Remember your achievements too: Tell me what you’ve achieved so far with your life. Yes okay you won a canoeing tournament, that’s great, but what have you done that I can use within the business? There’s not a large call for canoeing in the IT industry to be honest with you, but we could certainly use someone who’s won coding tournaments, built a well respected blog, built RoboCode robots, built a freeware application that solves a problem, or even just built their own metal detector. These are real problems that you’ve solved. That to me is an achievement that I can sink my teeth into and get interested in.

Yes include some of your normal hobbies too, but be careful. “Hanging out with friends” makes you sound like a delinquent. Seriously. I have had several applications with this on them, please just never write this. Similarly “socialising” makes you sound like you spend every free moment in the pub.

6. Due diligence

Always do your due diligence on any company you apply to. I can’t stress this enough. You should find somewhere to crow-bar in the fact that you’ve been reading up on the company:

“From your website I can tell this is the kind of company I want to work for…”

If you’re lucky enough to make it to an interview then lay your due diligence on thick, make sure you make it very clear that you’ve scrutinised the website.

7. Offer to send a real CV

The apprenticeship scheme application system is designed to take away all of your creativity and force you into conformity to a given structure. You can actually get a lot more across in a normal CV than you can on a website. So why not write a killer CV, upload it to a website, and then paste the link into your application? An employer’s going to love that you thought outside the box, took the initiative and also tried to make their life easier.

But whoah there cowpoke. This advice only applies if your CV doesn’t suck. You need to get that CV absolutely spot on before you go shoving it down my throat, because I will be judging you on it.

8. Bonus Points

A lot of what I’ve talked about has been boring. You’re still going to struggle to get hired at Squelch Design if you bore me: I want to know that there’s a sense of humour in there too, because you’re going to need it. Web designers and web developers strive toward perfection day in day out only to have customers rip their hearts out with criticism; A sense of humour is going to keep you sane. So don’t be afraid to show me a few glimpses of the real you:

What are your strengths?

I came top of my class in my IT course and have been experimenting with computers since an early age. I love building my own machines and dabbling in software development, I recently wrote a simple Android game which is available for free on Google Play. I’m an able communicator with good written and spoken English skills, I am good on the telephone and take pride in writing proper English and clear emails. I make a wicked cup of tea.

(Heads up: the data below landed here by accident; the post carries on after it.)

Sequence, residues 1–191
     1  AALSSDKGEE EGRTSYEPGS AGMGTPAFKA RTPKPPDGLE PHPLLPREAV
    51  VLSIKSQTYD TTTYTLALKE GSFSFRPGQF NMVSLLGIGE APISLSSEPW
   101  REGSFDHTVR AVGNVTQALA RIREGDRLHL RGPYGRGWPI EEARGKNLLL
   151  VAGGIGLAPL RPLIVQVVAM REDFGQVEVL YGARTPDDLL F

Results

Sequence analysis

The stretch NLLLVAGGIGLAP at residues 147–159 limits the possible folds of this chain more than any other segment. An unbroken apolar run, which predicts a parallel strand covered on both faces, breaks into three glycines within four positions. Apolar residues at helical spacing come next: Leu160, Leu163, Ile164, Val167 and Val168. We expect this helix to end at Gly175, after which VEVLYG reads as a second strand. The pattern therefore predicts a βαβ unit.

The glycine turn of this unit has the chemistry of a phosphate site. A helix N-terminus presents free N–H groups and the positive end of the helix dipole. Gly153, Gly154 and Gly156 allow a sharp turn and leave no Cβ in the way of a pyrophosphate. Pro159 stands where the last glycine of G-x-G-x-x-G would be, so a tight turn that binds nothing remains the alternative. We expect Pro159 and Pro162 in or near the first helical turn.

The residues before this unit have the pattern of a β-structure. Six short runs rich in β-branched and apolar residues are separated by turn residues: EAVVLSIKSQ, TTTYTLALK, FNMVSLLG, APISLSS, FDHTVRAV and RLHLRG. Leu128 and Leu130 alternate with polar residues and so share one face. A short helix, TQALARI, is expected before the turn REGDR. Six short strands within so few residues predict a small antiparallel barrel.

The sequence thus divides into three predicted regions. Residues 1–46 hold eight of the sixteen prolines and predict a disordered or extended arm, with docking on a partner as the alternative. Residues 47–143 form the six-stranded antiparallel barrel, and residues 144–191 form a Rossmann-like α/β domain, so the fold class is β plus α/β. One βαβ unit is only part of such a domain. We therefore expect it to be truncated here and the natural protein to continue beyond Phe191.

Admittedly you’d want to gauge that one by the company you’re applying to, Squelch Design is a new company with a start-up vibe. The name “Squelch” is onomatopoeic, a little bit childish, and suggests fun. We’re the sort of company where a little bit of light humour in an application can go a long way. But if you were applying to a law firm, well, I think a sense of humour is probably illegal under some section of the public order act.

In conclusion…

Your application for an apprenticeship needs to be treated with the same amount of concern as an application for any other kind of role. If you follow all the advice in this article then I’m sure you’re going to get a great role and, I hope, you’ll be here and doing great work for us.

Nobody’s perfect and so don’t panic if you can’t achieve everything in this list 100%, but for most people it comes down to showing initiative and taking the time to go over your history and rake up the stuff that employers actually care about. If you’re having problems doing that then you might want to talk to a careers advisor and see if they can help. But remember that it’s your CV, your application, your career, so don’t let someone else put too much of themselves into what you write.

Be wary of clichés in what you write and be wary of following advice from too many sources (remember: too many chefs ruined the broth).

And lastly don’t blindly follow 100% the advice you get off some random blog article on the web. Like this one.

About Matt Lowe

Matt Lowe is a WordPress web designer / developer based in Newbury, Berkshire. After 8 years of doing the nine-to-five for other companies and watching them make the same mistakes over and over he set out in business on his own, forming Squelch Design to help businesses get online and make money.

2 comments on “How to stand out when applying for an apprenticeship role

  1. This blog really helped clear my writer’s block when it came to filling out the rather long and tedious applications for lots of apprenticeships. So thank you so much and if I end up getting a decent apprenticeship with your advice and being able to kickstart my career in something I’m passionate in, I’ll be sure to click the buy a beer option.